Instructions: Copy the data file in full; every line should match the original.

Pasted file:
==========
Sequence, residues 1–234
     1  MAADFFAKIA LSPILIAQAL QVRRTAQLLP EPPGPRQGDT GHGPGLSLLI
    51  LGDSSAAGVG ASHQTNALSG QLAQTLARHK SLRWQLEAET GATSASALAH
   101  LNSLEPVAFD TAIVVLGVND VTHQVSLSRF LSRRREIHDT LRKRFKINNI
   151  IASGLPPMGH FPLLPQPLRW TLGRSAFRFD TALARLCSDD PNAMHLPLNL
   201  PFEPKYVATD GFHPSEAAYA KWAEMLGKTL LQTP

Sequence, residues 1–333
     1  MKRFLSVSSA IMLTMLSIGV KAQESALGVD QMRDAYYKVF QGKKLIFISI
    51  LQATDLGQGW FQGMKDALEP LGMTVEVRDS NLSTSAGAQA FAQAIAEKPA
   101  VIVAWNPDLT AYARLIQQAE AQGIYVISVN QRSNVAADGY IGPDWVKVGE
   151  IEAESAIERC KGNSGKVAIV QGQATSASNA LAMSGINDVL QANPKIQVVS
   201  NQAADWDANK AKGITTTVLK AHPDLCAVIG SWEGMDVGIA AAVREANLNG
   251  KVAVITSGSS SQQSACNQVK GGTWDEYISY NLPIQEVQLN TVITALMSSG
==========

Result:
Sequence, residues 1–234
     1  MAADFFAKIA LSPILIAQAL QVRRTAQLLP EPPGPRQGDT GHGPGLSLLI
    51  LGDSSAAGVG ASHQTNALSG QLAQTLARHK SLRWQLEAET GATSASALAH
   101  LNSLEPVAFD TAIVVLGVND VTHQVSLSRF LSRRREIHDT LRKRFKINNI
   151  IASGLPPMGH FPLLPQPLRW TLGRSAFRFD TALARLCSDD PNAMHLPLNL
   201  PFEPKYVATD GFHPSEAAYA KWAEMLGKTL LQTP

Sequence, residues 1–333
     1  MKRFLSVSSA IMLTMLSIGV KAQESALGVD QMRDAYYKVF QGKKLIFISI
    51  LQATDLGQGW FQGMKDALEP LGMTVEVRDS NLSTSAGAQA FAQAIAEKPA
   101  VIVAWNPDLT AYARLIQQAE AQGIYVISVN QRSNVAADGY IGPDWVKVGE
   151  IEAESAIERC KGNSGKVAIV QGQATSASNA LAMSGINDVL QANPKIQVVS
   201  NQAADWDANK AKGITTTVLK AHPDLCAVIG SWEGMDVGIA AAVREANLNG
   251  KVAVITSGSS SQQSACNQVK GGTWDEYISY NLPIQEVQLN TVITALMSSG